One-way High Street included in Grantham town centre overhaul
Plans to create new cycle lanes and one-way roads will be introduced in Grantham after being given the go ahead by Lincolnshire County Council.
The local authority said the plans, which were consulted upon earlier this year, will go ahead after receiving broad public support.
The ‘Grantham active travel zone’ will include:
- Making High Street one-way with the creation of a ‘sustainable travel corridor’ allowing buses and cycles to progress southbound on High Street – towards St Peter’s Hill – but not other traffic. Northbound traffic heading towards Watergate would continue as is currently the case;
- At St Peter’s Hill the straight ahead lane will be removed from the west side – including along the frontage of Munch and Prezzo – and turned into a wider footway and area for outdoor retail/hospitality;
- St Peter’s Hill eastbound lane will be removed to continue the sustainable travel corridor – breaking into filter lanes opposite Belvoir estate agents;
- The closure of Guildhall Street at the junction of High Street, but deliveries will be allowed;
- Proposals to introduce a one-way system northbound on Westgate from the junction of Dysart Road to the junction of Conduit Lane were dropped and will not go ahead. These plans also included the removal of on-street parking from one side of the street on Westgate to provide an opportunity for increased outdoor trading and improved pedestrian and cycling space. However, an experimental traffic order may see the installation of temporary give way islands if traffic needs to be slowed further.
Councillor Richard Davies, executive member for highways and transport at Lincolnshire County Council, said the revamp of Grantham and those in other Lincolnshire towns also announced yesterday (Thursday) were to go ahead following public support.
He said: “We were clear when we launched this consultation that only those schemes with public support would get the go ahead. We’ve listened to what residents have told us and made amendments to schemes based on your feedback. We’ll start work as soon as we can to put in the changes that residents have told us they want to see.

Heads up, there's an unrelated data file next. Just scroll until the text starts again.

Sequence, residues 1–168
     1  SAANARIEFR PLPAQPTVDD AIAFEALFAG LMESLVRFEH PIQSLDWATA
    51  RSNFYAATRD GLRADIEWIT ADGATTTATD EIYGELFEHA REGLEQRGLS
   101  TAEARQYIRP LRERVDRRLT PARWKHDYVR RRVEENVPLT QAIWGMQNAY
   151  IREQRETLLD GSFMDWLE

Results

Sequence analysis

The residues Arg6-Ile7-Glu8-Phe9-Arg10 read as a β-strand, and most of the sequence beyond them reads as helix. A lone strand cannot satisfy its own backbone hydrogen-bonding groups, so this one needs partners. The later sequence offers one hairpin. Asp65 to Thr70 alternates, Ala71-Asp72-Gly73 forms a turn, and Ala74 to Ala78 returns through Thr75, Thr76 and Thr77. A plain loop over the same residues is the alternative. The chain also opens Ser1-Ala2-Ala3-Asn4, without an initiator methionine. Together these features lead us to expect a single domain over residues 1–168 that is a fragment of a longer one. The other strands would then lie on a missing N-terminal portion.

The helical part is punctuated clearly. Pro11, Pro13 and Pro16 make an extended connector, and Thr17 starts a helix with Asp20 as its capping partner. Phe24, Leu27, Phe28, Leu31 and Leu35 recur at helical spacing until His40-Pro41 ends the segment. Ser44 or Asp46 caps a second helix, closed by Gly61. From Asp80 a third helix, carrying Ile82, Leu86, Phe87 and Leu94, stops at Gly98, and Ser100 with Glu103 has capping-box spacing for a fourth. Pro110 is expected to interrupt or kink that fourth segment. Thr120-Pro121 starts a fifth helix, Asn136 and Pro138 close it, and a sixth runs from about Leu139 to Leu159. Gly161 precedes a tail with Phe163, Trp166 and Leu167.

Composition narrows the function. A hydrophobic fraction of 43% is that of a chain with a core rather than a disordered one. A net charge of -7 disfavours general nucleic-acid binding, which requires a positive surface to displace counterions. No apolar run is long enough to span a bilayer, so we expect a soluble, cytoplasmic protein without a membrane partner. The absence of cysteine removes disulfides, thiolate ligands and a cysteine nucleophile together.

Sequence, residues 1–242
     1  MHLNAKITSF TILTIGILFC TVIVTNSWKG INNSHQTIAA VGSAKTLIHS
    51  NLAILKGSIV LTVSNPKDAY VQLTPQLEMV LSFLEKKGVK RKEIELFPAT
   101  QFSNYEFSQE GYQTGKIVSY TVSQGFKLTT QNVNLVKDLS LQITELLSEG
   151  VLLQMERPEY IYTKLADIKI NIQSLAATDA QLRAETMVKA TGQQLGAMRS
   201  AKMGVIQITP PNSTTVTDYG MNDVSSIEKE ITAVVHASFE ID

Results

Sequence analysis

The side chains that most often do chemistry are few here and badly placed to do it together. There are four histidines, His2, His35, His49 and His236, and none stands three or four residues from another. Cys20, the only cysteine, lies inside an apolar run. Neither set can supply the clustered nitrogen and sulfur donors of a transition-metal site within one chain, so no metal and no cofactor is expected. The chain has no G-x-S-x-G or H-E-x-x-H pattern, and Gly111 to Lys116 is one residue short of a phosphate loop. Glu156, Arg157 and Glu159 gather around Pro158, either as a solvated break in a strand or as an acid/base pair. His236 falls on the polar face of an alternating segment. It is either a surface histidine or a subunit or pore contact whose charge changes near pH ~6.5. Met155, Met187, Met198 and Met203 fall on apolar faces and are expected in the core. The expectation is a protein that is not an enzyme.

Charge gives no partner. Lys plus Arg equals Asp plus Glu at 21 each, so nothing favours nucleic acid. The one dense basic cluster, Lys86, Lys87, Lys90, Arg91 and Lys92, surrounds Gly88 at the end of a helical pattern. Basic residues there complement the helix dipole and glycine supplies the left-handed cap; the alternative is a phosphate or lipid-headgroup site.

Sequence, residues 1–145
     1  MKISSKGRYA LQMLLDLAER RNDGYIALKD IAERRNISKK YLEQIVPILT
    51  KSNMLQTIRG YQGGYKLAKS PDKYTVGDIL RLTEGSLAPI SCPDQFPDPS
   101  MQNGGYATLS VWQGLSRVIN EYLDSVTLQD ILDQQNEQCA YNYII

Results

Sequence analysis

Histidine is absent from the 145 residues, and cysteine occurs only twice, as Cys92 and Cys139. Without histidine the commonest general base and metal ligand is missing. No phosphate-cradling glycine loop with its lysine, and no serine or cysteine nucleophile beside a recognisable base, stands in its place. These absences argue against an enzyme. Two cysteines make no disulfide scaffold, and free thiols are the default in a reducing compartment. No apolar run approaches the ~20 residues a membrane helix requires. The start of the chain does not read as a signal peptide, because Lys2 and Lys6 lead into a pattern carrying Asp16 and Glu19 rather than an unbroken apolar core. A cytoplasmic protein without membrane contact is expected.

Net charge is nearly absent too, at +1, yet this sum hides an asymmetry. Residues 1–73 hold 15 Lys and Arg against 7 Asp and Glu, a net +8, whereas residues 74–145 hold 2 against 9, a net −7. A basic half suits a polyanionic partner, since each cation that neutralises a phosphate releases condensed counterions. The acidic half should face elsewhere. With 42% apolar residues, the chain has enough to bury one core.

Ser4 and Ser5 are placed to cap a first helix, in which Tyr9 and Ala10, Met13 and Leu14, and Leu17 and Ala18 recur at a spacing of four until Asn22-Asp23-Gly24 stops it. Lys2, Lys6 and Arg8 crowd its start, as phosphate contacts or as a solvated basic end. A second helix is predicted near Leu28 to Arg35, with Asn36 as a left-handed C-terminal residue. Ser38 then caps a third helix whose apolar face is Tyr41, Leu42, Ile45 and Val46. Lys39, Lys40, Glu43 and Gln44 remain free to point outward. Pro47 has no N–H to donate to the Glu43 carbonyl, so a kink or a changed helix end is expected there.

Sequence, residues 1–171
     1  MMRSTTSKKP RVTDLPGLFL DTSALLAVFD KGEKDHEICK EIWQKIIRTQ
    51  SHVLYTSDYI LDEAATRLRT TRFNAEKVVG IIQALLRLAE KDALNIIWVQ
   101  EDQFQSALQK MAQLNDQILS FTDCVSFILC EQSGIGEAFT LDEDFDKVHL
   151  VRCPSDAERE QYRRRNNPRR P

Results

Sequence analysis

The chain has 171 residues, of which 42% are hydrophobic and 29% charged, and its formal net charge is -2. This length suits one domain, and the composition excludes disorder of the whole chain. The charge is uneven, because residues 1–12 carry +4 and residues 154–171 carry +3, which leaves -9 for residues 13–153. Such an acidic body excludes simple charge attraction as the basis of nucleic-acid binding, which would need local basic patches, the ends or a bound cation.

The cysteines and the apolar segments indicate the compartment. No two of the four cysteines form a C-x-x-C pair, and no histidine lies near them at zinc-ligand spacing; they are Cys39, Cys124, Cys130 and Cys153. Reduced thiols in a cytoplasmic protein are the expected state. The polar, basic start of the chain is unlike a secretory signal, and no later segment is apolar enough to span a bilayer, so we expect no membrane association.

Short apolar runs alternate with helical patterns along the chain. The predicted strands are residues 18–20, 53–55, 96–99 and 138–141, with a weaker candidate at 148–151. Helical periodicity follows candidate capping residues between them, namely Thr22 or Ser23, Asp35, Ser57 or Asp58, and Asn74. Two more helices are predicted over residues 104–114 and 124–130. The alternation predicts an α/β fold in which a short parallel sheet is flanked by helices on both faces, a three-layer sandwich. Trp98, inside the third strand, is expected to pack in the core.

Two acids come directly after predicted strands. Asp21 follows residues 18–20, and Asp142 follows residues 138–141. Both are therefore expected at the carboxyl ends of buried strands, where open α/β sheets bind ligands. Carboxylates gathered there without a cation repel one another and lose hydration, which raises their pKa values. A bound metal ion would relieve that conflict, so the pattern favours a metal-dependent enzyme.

“Where these schemes are being implemented, they will be temporary for up to 18 months. If they work for the community, we can make them permanent. And if they don’t, we can take them out again easily.
“Although they are temporary, we’re keen for no community to feel like they’ve just got roadworks happening for 18 months so we will use high quality infrastructure to implement these changes, such as traffic planters.”
Likely to cause concern among motorists is the move to make High Street one-way to traffic, in order to make a ‘sustainable travel corridor’ for buses and cyclists.
It will begin at the entrance to Watergate car park, and continue southbound on High Street and on to St Peter’s Hill, ending outside estate and lettings agents Belvoir Grantham, when cars can begin to filter into the right lane before the junction where London Road, St Catherine’s Road and Wharf Road meet.
This will essentially make High Street a one-way system which only heads northbound towards Watergate.
The plan will also see the lane of St Peter’s Hill closest to the Isaac Newton Shopping Centre entrance closed and pedestrianised, with northbound cars only having one lane to either continue on to High Street or turn right towards Avenue Road.
Lincolnshire County Council launched its consultation in March to ask residents’ views on eight county-wide schemes aiming to make walking and cycling easier in the county, using £799,900 funding from the Department for Transport’s Active Travel Fund.
Over 2,750 residents, businesses and organisations completed the consultation, which ended on May 16.
The Grantham active travel zone was fully supported by 48 per cent of the respondents, said the local authority, with 44 per cent not in support.
A Lincolnshire County Council spokesperson said: “48 per cent of respondents to the survey fully supported the proposed plans for Grantham.
“44 per cent did not support the plans, or did not support elements of it.
“It is from their feedback about which elements they did not think would work that we have amended the plans for Grantham town centre. Eight per cent of respondents said they didn’t know.”
Lance Merryweather, owner of the Teaspoon Tea Company on High Street, supports the plans.
He said: “As a business,we think it’s great that the council are doing whatever they can to generate more people in the town.
“As long as it brings more people into the town, it’s got to be a good thing.”
However, not so complimentary of the plans is Adam Lorne, director of Discount Cabs.
He said: “My opinion would be that [the plan] will make traffic worse.
“It won’t bring people into the town centre. There’s a limited number of shops that are there, plus [there’s the] building of the retail centre over at Gonerby Moor.
“The main thing for us would be the traffic. At certain times of the day, traffic is a nightmare as it is.
“It’s going to push all the traffic down to Westgate and down to the gyratory system around Great Northern Court, which, at the best of times, is mayhem.”
n Have your say. Do you think the revamp for Grantham town centre is good news? It is ambitious enough? Or will the plans make traffic problems worse?
Write a letter or email firstname.lastname@example.org